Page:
Earlier this evening, I arrived home after a long and productive day in DC. I learned a lot about veterans' advocacy while I was there and what direction the discussion indicates we are headed. I want to be able to take the time to address this carefully and here's what I plan to do over the coming days:
After a long day, I am tired and ready for a good night sleep. I will catch everyone tomorrow with the first post: David Gregory: Moderator.
This is a touchy subject for everyone involved. Even family members of veterans with PTSD are stigmatized to some degree. This really needs to change and it needs to change on two fronts:
Later today, I travel down to DC. I will not be posting until after the panel, but be sure to stay tuned to twitter. I will be tweeting the subjects covered by the panel and any major developments. Also, I would love to hear what others think about today's vital issue of advocacy. Please chime in!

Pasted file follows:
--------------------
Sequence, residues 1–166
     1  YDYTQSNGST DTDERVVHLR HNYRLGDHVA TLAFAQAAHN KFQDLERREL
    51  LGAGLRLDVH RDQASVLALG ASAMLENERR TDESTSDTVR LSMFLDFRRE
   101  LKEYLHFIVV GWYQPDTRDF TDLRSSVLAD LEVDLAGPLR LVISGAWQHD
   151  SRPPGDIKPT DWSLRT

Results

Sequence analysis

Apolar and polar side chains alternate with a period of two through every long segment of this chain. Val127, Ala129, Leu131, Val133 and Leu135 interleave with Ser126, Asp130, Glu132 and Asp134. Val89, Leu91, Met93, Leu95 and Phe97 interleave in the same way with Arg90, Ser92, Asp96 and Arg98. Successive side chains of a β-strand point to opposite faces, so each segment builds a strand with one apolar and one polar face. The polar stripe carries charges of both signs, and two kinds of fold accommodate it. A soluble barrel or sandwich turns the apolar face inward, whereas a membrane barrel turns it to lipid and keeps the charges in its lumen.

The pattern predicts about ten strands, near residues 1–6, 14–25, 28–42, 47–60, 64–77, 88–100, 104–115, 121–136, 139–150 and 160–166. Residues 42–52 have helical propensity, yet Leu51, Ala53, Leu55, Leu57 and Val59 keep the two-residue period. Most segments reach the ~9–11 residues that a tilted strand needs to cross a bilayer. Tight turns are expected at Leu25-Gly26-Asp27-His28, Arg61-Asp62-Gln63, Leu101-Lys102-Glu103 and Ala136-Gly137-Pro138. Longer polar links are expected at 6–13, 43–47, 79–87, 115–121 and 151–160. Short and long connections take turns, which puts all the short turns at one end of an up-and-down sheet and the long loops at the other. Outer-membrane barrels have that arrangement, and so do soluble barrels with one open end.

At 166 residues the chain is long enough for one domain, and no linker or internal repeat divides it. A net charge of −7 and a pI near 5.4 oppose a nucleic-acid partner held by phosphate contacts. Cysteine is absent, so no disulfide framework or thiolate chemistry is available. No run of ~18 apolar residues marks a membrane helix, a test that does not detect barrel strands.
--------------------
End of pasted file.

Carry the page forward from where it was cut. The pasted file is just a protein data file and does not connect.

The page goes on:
Veterans and Service Members have a serious image problem right now. We are seen as dangerous and amoral. We are increasingly becoming viewed and depicted as cold-blooded killers. Who do we have to thank for this wonderful phenomenon? The media - on TV, on the internet, in papers, every medium. Media outlets have this idea that negative press is the only thing that sells. Because of this flawed ideal, the only stories that get passed on are the ones that demonize our service members. In today's world, these horrible images are what everyone associates with our veterans and our service members. Guys posing with the body parts of insurgents, guys posing with tortured prisoners. These are the lasting images of this war that most who are outside of the military community identify our veterans and service members with.